Let's use a simpler function that returns multiple values:

def foo(a, b):
    return a, b

You can look at the byte code generated by using dis.dis, a disassembler for Python bytecode. For comma separated values w/o any brackets, it looks like this:

>>> import dis
>>> def foo(a, b):
...     return a,b        
>>> dis.dis(foo)
  2           0 LOAD_FAST                0 (a)
              3 LOAD_FAST                1 (b)
              6 BUILD_TUPLE              2
              9 RETURN_VALUE

As you can see the values are first loaded on the internal stack with LOAD_FAST and then a BUILD_TUPLE (grabbing the previous 2 elements placed on the stack) is generated. Python knows to create a tuple due to the commas being present.

You could alternatively specify another return type, for example a list, by using []. For this case, a BUILD_LIST is going to be issued following the same semantics as it's tuple equivalent:

>>> def foo_list(a, b):
...     return [a, b]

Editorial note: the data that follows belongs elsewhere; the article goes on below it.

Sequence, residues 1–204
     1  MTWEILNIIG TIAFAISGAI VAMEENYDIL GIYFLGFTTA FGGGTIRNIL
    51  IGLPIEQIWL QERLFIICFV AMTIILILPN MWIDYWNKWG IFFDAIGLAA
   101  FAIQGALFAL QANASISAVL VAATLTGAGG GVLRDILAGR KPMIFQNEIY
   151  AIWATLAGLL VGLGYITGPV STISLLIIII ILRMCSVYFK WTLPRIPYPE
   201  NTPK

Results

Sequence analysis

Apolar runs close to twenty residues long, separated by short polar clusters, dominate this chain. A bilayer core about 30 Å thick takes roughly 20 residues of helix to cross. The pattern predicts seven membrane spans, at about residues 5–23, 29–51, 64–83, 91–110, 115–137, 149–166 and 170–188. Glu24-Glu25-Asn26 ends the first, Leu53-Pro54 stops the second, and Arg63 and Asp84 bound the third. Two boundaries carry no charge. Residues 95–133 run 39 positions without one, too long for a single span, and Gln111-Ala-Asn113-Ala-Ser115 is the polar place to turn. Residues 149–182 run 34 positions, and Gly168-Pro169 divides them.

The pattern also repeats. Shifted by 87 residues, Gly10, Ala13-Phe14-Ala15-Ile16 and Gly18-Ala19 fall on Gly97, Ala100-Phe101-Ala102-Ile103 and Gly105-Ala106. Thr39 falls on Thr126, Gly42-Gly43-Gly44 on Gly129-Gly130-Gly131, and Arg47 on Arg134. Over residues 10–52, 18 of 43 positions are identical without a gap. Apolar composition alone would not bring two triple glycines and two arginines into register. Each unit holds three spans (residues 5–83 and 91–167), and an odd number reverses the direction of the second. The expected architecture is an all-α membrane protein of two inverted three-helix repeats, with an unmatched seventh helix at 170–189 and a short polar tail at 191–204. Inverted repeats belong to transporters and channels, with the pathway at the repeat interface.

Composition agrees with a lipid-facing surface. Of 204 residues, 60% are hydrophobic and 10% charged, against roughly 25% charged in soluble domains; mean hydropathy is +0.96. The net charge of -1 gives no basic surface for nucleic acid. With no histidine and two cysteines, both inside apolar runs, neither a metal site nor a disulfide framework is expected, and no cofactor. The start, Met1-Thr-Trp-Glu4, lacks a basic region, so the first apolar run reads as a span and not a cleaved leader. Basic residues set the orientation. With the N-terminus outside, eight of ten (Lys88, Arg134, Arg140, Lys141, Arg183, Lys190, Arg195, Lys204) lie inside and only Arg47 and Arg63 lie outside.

>>> dis.dis(foo_list)
  2           0 LOAD_FAST                0 (a)
              3 LOAD_FAST                1 (b)
              6 BUILD_LIST               2
              9 RETURN_VALUE

The type of object returned really depends on the presence of brackets (for tuples () can be omitted if there's at least one comma). [] creates lists and {} sets. Dictionaries need key:val pairs.

To summarize, one actual object is returned. If that object is of a container type, it can contain multiple values giving the impression of multiple results returned. The usual method then is to unpack them directly:

>>> first_name, last_name = f.getName()
>>> print (first_name, last_name)

As an aside to all this, your Java ways are leaking into Python :-)